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My Life as a Science Promoter – Chicago, the Penguin Farewell Tour has begun

September 22, 2011

Motivation is one of the reasons I love watching nature shows on @AnimalPlanet. Seeing animals on TV reminds me how cool it’ll be when I see tigers, chimpanzees, and penguins with my own eyes. That reminder motivates me to keep working hard as a Science Promoter. Some days though, TV won’t do, so I head down to the Lincoln Park Zoo.

Well, it saddens me to share with you that the zoo will be closing down a motivating exhibit of mine–home of the penguins & seabirds. See the news release: Change at Kovler Penguin-Seabird House. Equipment that maintains the temperature of the exhibit is outdated, and not like an iPad 1. We’re talking outdated as in Sony Walkman. Over the upcoming weeks, the birds will still be visible to the public as zoo scientists search for homes for these lovely creatures of the cold. The zoo is free, so visit anyday. In the meantime, say hello before you say goodbye to the six lovely species of penguins & seabirds that currently reside in the Kovler Penguin-Seabird House.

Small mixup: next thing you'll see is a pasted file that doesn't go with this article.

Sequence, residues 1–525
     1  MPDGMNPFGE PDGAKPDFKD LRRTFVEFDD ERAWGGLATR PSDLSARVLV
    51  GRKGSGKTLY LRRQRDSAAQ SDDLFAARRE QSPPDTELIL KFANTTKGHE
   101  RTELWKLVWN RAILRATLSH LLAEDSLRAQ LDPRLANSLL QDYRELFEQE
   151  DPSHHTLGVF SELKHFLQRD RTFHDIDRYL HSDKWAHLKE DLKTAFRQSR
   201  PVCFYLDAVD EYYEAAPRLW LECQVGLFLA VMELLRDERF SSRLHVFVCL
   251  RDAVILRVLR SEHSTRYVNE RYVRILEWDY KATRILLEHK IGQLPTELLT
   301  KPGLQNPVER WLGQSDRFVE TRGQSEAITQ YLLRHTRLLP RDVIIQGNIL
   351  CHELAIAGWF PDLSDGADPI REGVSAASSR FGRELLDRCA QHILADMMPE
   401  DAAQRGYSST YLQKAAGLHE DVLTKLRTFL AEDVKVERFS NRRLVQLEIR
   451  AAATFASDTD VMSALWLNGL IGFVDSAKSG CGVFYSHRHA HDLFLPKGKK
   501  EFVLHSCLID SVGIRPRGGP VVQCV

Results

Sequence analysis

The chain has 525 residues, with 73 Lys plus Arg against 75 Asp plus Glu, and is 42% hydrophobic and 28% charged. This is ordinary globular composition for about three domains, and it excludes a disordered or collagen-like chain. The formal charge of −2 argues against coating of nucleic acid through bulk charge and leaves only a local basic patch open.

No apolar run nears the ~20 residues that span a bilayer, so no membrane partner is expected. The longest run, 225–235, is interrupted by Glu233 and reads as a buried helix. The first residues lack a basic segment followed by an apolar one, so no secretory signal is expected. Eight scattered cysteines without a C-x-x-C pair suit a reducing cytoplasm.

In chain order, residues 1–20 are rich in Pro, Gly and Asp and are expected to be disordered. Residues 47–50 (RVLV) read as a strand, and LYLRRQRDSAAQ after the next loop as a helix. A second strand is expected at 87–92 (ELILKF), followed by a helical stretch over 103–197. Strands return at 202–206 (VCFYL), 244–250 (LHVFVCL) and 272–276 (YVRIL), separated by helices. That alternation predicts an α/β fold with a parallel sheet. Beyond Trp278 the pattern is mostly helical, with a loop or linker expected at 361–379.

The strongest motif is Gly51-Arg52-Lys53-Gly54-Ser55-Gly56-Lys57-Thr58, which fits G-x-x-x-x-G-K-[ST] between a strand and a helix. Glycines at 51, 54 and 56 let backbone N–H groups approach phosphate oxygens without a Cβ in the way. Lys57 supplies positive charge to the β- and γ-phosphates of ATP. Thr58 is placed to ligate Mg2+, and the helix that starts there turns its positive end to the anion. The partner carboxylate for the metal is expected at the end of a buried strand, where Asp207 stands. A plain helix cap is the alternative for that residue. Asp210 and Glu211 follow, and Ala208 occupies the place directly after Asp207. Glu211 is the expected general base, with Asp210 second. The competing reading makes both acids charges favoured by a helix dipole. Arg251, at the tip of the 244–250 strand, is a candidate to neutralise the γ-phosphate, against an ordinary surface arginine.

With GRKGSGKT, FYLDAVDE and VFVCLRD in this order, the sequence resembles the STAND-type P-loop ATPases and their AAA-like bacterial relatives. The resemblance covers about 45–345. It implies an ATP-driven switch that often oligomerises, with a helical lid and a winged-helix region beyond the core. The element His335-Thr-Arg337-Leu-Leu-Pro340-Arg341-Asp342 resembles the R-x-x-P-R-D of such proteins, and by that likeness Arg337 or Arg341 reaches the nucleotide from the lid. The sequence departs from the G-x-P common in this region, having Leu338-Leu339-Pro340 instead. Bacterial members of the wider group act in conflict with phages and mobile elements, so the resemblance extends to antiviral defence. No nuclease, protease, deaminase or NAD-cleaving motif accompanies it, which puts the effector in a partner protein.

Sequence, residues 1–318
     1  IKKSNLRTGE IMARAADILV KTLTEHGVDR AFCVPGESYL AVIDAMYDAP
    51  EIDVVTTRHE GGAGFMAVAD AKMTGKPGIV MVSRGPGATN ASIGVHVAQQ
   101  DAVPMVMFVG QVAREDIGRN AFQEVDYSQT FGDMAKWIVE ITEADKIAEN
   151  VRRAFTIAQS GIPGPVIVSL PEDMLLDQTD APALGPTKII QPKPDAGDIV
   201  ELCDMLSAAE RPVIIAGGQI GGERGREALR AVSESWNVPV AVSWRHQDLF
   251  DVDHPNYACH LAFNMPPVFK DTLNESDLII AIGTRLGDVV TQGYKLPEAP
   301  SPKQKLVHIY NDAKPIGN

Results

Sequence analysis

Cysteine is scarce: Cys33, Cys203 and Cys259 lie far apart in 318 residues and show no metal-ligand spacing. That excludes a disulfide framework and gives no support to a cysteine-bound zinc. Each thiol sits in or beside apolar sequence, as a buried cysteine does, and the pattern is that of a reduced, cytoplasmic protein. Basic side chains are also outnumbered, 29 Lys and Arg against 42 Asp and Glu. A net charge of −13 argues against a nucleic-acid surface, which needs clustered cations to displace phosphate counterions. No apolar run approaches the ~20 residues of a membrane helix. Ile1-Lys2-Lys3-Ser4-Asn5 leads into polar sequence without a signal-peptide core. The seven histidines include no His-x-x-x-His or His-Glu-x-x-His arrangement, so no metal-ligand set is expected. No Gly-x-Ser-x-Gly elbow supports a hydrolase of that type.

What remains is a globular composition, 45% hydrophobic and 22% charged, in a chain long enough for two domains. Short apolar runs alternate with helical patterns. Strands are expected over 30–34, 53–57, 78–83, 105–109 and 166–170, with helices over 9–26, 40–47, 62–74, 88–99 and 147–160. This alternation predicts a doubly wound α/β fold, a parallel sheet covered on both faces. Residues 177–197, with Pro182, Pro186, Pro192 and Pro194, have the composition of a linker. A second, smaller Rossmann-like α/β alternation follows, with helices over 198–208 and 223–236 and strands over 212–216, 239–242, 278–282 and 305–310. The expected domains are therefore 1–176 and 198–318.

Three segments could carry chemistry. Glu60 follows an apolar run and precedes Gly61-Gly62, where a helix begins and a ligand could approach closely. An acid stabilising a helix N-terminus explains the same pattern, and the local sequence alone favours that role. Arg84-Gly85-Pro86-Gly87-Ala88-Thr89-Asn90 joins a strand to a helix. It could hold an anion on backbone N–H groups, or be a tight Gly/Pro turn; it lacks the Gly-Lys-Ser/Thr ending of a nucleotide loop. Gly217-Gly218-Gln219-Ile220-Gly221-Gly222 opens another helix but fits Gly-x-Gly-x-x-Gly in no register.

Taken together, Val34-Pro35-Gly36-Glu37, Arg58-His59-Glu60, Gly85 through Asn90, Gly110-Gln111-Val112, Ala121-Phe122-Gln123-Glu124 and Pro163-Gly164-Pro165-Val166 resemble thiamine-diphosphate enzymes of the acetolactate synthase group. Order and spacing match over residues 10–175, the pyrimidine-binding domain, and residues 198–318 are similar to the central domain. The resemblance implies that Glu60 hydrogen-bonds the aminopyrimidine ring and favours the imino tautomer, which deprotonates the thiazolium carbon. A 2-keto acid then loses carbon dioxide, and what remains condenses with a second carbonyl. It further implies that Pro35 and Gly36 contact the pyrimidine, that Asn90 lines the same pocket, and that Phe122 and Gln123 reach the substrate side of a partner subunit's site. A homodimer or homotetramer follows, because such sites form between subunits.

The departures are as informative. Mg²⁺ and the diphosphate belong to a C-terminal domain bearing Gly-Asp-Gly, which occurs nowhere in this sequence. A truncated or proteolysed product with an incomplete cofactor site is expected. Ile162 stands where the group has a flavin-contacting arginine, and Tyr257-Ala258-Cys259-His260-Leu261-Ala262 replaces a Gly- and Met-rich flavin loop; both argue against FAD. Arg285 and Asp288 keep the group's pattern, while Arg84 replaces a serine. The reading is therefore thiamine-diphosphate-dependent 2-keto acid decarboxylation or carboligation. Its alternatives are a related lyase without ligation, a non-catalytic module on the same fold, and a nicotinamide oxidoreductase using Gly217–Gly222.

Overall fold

Have you seen a Tufted Puffin (Fratercula cirrhata)? They are adorable! See wild Puffins in California:

science promoter

Meet the linebacker of the group, the Chinstrap penguin (Pygoscelis antarctica). You can find his relatives around Antarctica:

my life as a science promoter

The coolest looking penguin, with the coolest name, is the Rockhopper penguin (Eudyptes chrysocome):

science promoterThis guy has a fun habitat–on cliffs and offshore islands. You can find wild ones in the North Atlantic Ocean. Meet the Razorbill (Alca torda):

science promoter

Mostly a marine species (spends most of it’s time in the water, not on cliffs or islands), the Common Murre (Uria aalge) can hold it’s breath for up to a minute (that doesn’t sound long for a bird that lives in the ocean):

science promoter conservation

I was saving the biggest for last (not necessarily the best). This penguin has adapted to drink saltwater. It has special glands in the eyes that help it excrete excess salt through the nose. Meet the King penguin (Aptenodytes patagonica). You can find his cousins, not on Antarctica, but on beaches in the south Pacific:

science conservation chicagoThanks for reading, #LetYouBeYou

If you have time, read my other penguin post from last winter:

5-degrees. It could be worse, Chicago. – January in Chicago can become unbearable. But if you ask the Emperor penguin, it could be worse.

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